Wednesday, June 22, 2011
What to think of the famous/infamous Tiger Mom (BATTLE HYMN OF THE TIGER MOTHER, by Amy Chua, Penguin Press)?
My own parents were tigerish, delivering frequent lengthy, impassioned, high-decibeled lectures whenever a grade short of A appeared on my report card. I'd never get into an Ivy League college, they warned me. Point of fact, they were were right - I was turned down by every Ivy League school I applied to. But Rutgers did well for me. I don't feel as if I've been a failure in life.
I think I was easier on my own kids. I hope so. Anything did not go, but a B or the occasional C was not a trigger for tearing of hair or rending of garments. My son majored in Ethnomusicology in college, my daughter in International Affairs, and both took several years to find their way to careers that engaged them. But at all times, they took responsibility for their lives, supporting themselves and seeming to enjoy themselves as they wandered toward goals they couldn't yet get a fix on. Not all those who wander are lost, right. Today, both kids are doing work they enjoy, and earning decent livings.
More important, they both are in successful marriages, and my wife and I maintain close relationships as friends with all four kids. A far cry indeed from my relationship with my own parents, which finally had to be terminated because of their incessant derogations, criticisms, and demands on both my wife and me. Reason can hold emotion at arm's length for only so long, then the walls come tumblin' down. My guess, prejudiced though it may be, is that somewhere down the road, the Tiger Mom's behavior is going to deliver a bite to her butt that she'll never get over.
Wednesday, June 15, 2011
In the picture, you see me last year (the photographer gave me the picture this year) promoting my books at Union. It's been gratifying to develop readerships among both ragtime and automatic music aficionados, and it was especially nice to have so many of them ask when my next book will be out. Not one looked disappointed when I said A PERILOUS CONCEPTION will have a medical, not a musical, background. That's all right, they told me, they'll still want to read it, and I should let them know when it's available. Who says you can't mix business and pleasure?One cloud on the horizon: for the first time in my experience, next year's Scott Joplin Ragtime Festival and the Antique Music Show will take place over the same weekend. That's going to be one tough decision, and any way I cut it, I'm looking at a mere Music Bifecta in 2012. But I'll deal with that decision later. For now, the first piece of business is to figure out what my next mystery will be, and start getting it underway.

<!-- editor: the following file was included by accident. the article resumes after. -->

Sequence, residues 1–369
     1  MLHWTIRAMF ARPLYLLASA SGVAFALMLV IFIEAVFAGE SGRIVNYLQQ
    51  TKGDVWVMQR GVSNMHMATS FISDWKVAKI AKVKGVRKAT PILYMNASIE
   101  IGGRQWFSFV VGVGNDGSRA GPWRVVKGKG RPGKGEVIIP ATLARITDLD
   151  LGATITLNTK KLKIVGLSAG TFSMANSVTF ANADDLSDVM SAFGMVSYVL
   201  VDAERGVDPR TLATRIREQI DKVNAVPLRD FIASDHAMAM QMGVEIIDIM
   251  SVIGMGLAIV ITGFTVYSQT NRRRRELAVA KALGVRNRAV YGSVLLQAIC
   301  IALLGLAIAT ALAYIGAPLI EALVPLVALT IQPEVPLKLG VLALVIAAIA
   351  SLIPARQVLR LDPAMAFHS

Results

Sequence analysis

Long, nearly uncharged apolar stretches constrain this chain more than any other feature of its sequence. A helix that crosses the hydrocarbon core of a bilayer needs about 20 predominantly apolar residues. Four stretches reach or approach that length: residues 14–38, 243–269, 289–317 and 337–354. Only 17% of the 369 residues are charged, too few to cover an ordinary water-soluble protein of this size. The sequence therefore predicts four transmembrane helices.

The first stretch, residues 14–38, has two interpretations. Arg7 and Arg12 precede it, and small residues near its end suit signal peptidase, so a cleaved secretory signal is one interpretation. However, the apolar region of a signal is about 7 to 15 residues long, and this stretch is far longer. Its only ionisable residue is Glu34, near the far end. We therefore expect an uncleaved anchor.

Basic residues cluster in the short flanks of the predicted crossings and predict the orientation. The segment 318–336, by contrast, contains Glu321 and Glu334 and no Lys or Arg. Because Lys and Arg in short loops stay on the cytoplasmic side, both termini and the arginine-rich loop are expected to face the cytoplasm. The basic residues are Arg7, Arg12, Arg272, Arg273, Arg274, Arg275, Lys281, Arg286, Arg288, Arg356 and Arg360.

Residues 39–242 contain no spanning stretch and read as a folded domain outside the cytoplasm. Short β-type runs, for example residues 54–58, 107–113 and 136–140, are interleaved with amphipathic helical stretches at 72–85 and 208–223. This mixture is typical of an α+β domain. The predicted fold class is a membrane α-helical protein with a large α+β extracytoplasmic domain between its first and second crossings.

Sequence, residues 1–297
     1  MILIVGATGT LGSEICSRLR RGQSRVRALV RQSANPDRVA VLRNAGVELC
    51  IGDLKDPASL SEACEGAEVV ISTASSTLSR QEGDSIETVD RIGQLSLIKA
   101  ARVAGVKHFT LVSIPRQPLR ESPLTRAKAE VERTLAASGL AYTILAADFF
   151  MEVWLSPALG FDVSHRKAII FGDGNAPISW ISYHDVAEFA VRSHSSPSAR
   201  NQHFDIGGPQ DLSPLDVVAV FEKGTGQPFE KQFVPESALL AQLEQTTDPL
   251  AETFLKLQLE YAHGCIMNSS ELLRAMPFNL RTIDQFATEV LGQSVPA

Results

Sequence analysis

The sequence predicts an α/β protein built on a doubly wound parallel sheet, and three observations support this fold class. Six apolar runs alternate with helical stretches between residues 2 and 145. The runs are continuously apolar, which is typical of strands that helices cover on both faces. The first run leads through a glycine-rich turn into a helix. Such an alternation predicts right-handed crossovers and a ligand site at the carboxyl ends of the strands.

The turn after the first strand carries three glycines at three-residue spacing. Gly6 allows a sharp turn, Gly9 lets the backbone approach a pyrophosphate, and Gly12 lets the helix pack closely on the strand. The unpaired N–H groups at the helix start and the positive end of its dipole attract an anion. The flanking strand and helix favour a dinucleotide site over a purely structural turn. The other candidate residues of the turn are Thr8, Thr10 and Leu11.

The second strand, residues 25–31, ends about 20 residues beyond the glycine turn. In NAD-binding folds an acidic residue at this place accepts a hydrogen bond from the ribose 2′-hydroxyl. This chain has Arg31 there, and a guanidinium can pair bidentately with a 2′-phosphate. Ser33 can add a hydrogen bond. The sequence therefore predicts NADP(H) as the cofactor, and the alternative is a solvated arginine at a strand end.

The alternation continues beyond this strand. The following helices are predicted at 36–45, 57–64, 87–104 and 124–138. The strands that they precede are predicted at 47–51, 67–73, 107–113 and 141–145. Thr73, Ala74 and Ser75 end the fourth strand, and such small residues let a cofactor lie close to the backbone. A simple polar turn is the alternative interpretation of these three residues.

Wednesday, June 8, 2011
Wednesday, June 1, 2011
Folklife was this past weekend, 200,000 energized people crammed into Seattle Center to listen to every musical genre from bluegrass to Bulgarian, and pig out on cuisine from around the world. All performances were free, though relentless promotion for CDs, as many as six or seven pitches during a half-hour set, had eyeballs rolling all over the Center grounds. Take a lesson, authors.
For me, the highlight was an hour-long concert by Seattle legends Reilly and Maloney, who have an uncanny gift for crystallizing emotions into the loveliest displays of words and music you'll ever hear. If you're over 65, and the song, "One Day More" doesn't put a wistful little smile on your kisser, you're hopeless. If you're under 65, you just might not get it, but you can buy David Maloney's CD of the same title, and put it away in a safe place for a while. In time, you'll come to appreciate it.
On to Sedalia, and the Jet Lag Rag. River (and windstorm), stay away from my door.
Wednesday, May 25, 2011
Writing teachers tell us to use adverbs sparingly, if at all, and I think they've got something there. The current popular tic where speakers place adverbs strategically to avoid expressing unqualified emotions or reactions waters down the effectiveness of speech no end. The effect on a piece of writing would be even worse.
A morning talk-show host here in Seattle seems incapable of direct expression of feelings. In one breath, he can be kinda shocked, a bit mad, a little mystified, and sorta blown away. He also finds events and occurrences to be pretty unique. Another local personality, in one short interview, admitted to having felt "a little bit surreal," and said that some correspondence he'd received had been "pretty moving" and "pretty powerful." Which, he added, had been "kind of the most surprising thing to me."